13:49 – Well, crap. I was sure I had a partial box of 50 96-well plates, but I sure can’t find them. I just ordered another eight boxes, or 400 total, but they won’t be here until late this week. For now, my kit-building is on hold unless I find that box.

Monday, 25 May 2015

08:30 – It’s Memorial Day here in the U.S., the day set aside to remember those who sacrificed themselves to protect our freedom. Although the official purpose of Memorial Day is to remember those who gave their lives in the service of our country, let’s also remember all of those brave men and women, living and dead, who through the years have put their lives on the line to protect all of us. As we have our cookouts and family get-togethers today, let’s all take a moment to think about our troops in the Middle East and elsewhere, who can’t be with their families. And let’s have a thought, not just today but every day of the year, for them and the sacrifices they are making and have made.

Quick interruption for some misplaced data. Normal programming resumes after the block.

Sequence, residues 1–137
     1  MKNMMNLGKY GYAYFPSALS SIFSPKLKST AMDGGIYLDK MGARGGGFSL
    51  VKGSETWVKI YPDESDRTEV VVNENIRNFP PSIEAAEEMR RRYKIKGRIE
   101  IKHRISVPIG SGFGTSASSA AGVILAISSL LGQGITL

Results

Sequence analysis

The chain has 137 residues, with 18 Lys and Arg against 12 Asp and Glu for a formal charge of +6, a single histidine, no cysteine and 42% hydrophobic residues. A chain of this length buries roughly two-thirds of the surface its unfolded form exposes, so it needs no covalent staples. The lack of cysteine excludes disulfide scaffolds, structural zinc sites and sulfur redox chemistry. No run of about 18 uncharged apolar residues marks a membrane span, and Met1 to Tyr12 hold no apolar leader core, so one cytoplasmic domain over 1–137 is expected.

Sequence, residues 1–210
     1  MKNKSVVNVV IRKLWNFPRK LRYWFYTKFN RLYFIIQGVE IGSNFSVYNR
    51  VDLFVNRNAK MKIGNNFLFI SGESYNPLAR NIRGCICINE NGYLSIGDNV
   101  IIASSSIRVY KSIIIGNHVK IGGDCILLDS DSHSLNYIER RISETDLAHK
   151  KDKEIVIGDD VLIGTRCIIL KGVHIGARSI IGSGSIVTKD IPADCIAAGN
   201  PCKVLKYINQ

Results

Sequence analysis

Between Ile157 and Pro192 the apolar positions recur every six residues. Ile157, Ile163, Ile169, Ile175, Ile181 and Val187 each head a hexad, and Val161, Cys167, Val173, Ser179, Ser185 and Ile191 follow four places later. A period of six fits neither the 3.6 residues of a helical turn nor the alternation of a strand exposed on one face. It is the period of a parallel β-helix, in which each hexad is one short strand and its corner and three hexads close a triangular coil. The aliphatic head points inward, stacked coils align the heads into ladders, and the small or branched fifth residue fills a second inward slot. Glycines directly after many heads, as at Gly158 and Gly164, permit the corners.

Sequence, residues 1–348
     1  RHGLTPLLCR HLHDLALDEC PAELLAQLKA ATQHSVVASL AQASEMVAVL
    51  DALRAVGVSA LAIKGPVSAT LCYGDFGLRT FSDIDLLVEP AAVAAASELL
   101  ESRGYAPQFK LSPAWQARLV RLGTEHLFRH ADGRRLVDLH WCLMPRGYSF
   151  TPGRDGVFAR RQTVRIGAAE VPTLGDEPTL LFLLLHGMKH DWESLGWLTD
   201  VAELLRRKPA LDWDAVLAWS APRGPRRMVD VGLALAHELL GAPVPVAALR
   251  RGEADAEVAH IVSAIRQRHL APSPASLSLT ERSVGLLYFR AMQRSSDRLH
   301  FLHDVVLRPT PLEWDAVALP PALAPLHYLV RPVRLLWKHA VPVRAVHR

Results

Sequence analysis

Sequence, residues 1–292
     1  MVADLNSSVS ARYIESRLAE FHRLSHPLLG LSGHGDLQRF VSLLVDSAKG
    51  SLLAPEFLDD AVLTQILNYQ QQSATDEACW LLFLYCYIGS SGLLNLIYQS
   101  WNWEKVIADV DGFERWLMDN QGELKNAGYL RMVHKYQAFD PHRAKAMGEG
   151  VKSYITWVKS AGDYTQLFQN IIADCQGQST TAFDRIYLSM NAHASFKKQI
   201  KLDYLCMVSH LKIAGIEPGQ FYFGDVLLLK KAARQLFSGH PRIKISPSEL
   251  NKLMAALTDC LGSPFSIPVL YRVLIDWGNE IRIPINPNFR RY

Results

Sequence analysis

We drove over to Barbara’s sister’s house yesterday for dinner. Frances cooked and Al grilled. We took Colin along on his first-ever social outing. He was excited to explore a new place, but settled down quickly and behaved very well. I was proud of him.

We also hauled home the bedside commode that Al had been keeping for us in their rented storage. It looks much like this one, and I wanted to check the bucket to make sure a 1/6-barrel t-shirt bag would fit it. We buy those by the box of 1,000 for science kits, so we typically have 1,000 in inventory, if not 2,000 or 3,000. If there’s an emergency that makes flushing the toilet impossible, one of these bedside commodes and a large stock of plastic bags makes things a lot more livable. A standard 5-gallon bucket with a snap-on toilet seat works, but unfortunately the t-shirt bags, which cost something like $14/thousand, aren’t large enough to fit over the rim, so you’d have to stock more expensive larger bags.